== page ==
How do you feel about your name, Colleen?

Colleen is a 28-year-old who lives in Texas, but to many people, she’s not actually known as Colleen. “I go by Annie informally or with people I know well and Colleen at work or when I have to sign something.”

Her nickname is derivation of her middle name, Anne. “My dad wanted the initials CAM and my mom wanted ‘Annie’. That was their compromise.”

Colleen’s first name ranked among the top 100 girl names in the U.S. from 1963 through 1967, but was only the 902nd most popular name in 2006. Her nickname Annie, which was incredibly popular in the late 1800s and early 1900s, most recently ranked 398th.

What does she like about her names?

Both names are relatively uncommon. (I get weirded out being around people with the same name. :)) Both suit my personality, or different aspects of it.

What does she not like about her names?

The first name/middle name thing confuses people. I don’t know how I’d change that, though, because I like the initials and how it flows together. So I just confuse people. It makes a long signature. I use initials (C.A. M________ or CAM if I can get away with it), but haven’t mastered the incoherent scribble most people use ;).

Thanks, Colleen (a.k.a. Annie)!

3 thoughts on “How do you feel about your name, Colleen?

  1. My first name, Colleen, is an embarrassing testament to my white American parents’ ignorance. It’s not an Irish name at all… it’s loosely associated with the Irish language word for girl. No one names their kid “girl.” It’s an American name chosen by white people who claim some sort of Irish identity but are generations away from Ireland and don’t do any meaningful research before choosing names for their children. The name says this about me: I’m white, I’m American, and I had ignorant white American parents. Awesome. Thanks mom and dad.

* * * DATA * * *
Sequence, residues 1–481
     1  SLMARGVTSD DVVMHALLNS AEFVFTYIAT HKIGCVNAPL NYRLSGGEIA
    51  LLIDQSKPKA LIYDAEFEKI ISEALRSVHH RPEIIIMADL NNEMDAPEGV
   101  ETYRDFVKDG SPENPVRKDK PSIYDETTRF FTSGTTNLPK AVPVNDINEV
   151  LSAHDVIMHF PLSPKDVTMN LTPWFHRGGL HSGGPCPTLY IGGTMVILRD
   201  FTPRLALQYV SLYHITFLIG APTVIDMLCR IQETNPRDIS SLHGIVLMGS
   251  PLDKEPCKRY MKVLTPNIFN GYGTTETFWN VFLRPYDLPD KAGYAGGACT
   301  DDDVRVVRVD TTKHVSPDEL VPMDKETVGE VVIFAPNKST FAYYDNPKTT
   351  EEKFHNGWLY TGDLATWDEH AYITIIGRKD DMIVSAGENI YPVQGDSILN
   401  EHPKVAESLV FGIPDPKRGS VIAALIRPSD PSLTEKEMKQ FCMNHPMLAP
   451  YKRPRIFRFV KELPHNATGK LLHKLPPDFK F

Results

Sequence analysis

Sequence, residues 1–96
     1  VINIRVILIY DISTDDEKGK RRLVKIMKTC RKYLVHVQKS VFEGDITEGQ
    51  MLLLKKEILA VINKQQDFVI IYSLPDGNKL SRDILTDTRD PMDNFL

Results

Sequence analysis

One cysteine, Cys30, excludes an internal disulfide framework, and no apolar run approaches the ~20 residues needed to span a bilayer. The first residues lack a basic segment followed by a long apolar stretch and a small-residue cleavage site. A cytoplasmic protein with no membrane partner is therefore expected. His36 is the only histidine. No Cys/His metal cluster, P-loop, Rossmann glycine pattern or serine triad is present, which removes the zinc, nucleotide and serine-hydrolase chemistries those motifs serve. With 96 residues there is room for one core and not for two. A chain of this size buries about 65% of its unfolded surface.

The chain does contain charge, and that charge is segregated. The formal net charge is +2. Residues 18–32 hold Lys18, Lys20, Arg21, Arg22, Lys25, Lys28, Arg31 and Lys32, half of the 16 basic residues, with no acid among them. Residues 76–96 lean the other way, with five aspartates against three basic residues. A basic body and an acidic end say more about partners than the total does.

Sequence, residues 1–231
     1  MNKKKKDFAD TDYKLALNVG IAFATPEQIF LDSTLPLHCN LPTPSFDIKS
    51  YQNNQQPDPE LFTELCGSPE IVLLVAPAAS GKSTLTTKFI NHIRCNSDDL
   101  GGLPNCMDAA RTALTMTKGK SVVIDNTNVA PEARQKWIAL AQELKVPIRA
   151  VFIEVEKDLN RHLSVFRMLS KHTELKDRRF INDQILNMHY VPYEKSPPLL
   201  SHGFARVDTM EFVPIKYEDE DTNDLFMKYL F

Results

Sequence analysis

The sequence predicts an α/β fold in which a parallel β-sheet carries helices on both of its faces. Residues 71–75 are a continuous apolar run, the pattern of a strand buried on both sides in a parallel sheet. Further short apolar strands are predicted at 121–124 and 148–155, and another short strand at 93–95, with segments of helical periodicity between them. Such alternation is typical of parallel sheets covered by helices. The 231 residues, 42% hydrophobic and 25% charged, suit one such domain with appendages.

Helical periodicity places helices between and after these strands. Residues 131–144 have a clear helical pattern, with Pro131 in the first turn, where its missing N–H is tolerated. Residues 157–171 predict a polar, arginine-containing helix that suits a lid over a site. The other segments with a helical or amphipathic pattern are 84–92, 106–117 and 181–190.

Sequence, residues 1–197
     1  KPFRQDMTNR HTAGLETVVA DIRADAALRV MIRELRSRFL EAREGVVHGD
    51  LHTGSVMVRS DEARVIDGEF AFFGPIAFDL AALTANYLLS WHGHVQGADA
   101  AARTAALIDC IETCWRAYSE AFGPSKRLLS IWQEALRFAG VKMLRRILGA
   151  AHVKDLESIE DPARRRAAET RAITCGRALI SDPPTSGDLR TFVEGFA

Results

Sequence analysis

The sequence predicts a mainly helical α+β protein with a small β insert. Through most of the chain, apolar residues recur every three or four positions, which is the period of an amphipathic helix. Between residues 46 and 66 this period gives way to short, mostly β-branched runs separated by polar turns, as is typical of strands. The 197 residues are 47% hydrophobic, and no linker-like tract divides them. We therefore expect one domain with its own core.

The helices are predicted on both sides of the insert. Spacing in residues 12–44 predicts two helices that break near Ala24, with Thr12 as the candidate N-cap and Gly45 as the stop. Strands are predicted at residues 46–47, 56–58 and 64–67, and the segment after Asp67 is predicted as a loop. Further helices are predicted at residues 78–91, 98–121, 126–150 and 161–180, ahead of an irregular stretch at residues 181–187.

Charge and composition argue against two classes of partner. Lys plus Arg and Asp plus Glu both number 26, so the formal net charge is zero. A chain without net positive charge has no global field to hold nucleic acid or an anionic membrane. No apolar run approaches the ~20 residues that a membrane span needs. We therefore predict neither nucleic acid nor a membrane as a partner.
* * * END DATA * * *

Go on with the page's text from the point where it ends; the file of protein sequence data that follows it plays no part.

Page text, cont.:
2. I understand where you’re coming from, but we don’t need to get judgmental about names like Colleen (and Erin, and Shannon, etc.).

    The American parents who inadvertently popularized these names decades ago were doing their best with what they knew. The sentiment was authentic, even if the end result was not.

    Instead of thinking of them as fake Irish names, just think of them as genuine Irish-American names. :)

  3. “No one names their kid “girl.”

    Um, according to the folks in Greenland people pretty much *do* choose names like that. The second most popular choice for boys simply means human. Which if you think of it isn’t even as descriptive as Colleen. And the top choice for girls didn’t even get to be based on the identity of being a girl, but rather on being a daughter who followed a son.

    So, even if you think your name is boring or generic, your parents were/are far from alone in their choice.

    PS. My grandmother was born shortly after her parents arrived from Ireland and she grew up speaking English and Gaelic. She used the term “colleen” to as a compliment typically to refer to an attractive young woman — as in “what a lovely colleen she is” and would use it to compliment me if I was dressed up for something — “you look like a colleen in that”. To my knowledge she never thought it was a “fake Irish name”.

Leave a Reply

Your email address will not be published. Required fields are marked *

This site uses Akismet to reduce spam. Learn how your comment data is processed.